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“It’s been impossible to talk about land use in the United States because our paradigm has been that we’ll talk about it when we run out of land,” says Roy Kienitz, executive director of the Washington, D.C.-based Surface Transportation Policy Project (STPP). “Finally, I think people are realizing that even when you have more land, there are still good reasons not to sprawl. It’s very much like the growing-up process. At first, the fact that you can stay out till five in the morning and drink too much means that you will, but when you get older you realize that just because you can do it doesn’t mean you should do it.”

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The American dream on steroids.

Ventura didn’t make sprawl a central issue in his campaign, but he indicated his willingness to rock the land-use boat when he made rail transit one of his top five priorities in his state of the state address in March. Gore would have packaged this proclamation in a bundle of statistics about infrastructure and efficiency and growing our economy, but Ventura was the soul of wit: “I want to ride a train by 2002,” he said simply. “I’ll know we’re successful when I can ride light rail from downtown Minneapolis to the megamall and take commuter rail from St. Cloud to the Twin Cities. ” Then he stared down a hostile legislature to get the $60 million necessary to make it happen.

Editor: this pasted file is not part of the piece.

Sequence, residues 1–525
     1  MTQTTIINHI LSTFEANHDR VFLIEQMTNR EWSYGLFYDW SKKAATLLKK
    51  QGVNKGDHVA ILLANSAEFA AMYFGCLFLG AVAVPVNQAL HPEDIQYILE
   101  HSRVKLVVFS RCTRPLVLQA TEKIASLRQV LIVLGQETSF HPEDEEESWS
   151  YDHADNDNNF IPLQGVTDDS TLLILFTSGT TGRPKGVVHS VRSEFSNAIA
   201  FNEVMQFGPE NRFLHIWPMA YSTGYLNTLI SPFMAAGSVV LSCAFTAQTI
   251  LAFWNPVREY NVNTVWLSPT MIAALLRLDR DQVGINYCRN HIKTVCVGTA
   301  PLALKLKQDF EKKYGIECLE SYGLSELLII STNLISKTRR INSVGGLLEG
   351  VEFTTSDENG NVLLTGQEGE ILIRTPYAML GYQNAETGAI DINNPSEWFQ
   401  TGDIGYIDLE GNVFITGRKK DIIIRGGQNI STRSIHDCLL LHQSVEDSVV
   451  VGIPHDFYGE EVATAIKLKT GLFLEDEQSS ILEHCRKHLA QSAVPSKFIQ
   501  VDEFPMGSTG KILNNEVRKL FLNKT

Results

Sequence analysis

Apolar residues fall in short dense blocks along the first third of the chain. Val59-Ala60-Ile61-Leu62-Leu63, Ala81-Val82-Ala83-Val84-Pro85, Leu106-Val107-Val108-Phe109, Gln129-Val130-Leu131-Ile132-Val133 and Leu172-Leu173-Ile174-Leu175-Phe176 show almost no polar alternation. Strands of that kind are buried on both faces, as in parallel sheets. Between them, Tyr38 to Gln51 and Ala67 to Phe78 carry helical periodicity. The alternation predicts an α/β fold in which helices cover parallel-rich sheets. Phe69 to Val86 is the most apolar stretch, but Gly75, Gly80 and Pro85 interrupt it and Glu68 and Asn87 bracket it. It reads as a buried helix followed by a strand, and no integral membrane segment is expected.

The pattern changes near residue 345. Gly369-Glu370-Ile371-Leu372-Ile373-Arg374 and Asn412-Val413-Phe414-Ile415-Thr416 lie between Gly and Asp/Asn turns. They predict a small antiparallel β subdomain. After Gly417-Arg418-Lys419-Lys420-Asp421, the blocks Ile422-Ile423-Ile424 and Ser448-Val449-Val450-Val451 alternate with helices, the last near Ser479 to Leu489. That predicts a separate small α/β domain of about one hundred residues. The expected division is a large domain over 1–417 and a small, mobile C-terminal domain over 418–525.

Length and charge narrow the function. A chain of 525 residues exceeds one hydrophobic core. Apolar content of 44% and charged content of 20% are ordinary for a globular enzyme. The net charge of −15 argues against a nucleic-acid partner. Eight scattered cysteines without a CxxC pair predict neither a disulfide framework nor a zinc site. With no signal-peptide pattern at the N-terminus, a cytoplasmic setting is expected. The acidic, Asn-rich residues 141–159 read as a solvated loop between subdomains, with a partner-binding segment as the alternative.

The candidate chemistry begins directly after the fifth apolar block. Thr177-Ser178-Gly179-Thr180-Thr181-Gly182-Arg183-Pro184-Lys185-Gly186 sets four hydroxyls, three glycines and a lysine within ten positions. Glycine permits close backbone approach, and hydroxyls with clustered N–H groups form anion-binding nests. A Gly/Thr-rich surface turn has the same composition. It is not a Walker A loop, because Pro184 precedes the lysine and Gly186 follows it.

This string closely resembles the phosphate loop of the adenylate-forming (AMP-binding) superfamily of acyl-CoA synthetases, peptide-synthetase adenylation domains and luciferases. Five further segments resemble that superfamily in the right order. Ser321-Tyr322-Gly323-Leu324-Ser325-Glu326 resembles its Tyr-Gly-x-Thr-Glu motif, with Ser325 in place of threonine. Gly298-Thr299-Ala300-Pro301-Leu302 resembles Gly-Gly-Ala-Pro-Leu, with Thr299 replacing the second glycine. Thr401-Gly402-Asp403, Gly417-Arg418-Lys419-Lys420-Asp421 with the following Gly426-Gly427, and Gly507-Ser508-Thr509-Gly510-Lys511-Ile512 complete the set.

Ventura has also signaled his intentions with strong growth management appointments. To run the Metropolitan Council, the unique regional body that helps coordinate governance in the seven counties surrounding the Twin Cities, he chose wannabe-governor Ted Mondale. “I wasn’t actually running for governor, I was running for Met Council,” joked Mondale, who brought up the rear in a five-way Democratic-Farmer-Labor primary despite his pedigree as the son of former Vice Pres. Walter Mondale. “What you do is you get so few votes that the winner doesn’t fear you.” Mondale has already begun throwing the Met Council’s weight around in an effort to live up to Ventura’s challenge to prove the agency’s worth.

Then there is Elwyn Tinklenberg, the new commissioner for the Minnesota Department of Transportation, whose unfortunate resemblance to Donald Trump can be forgiven due to his self-effacing sense of humor and the years he spent as a Methodist minister. Tinklenberg originally endorsed Mondale and then voted for Ventura’s opponent in the general election, but he has known Ventura since they were both mayors of northern Minneapolis suburbs and worked together on local transportation issues.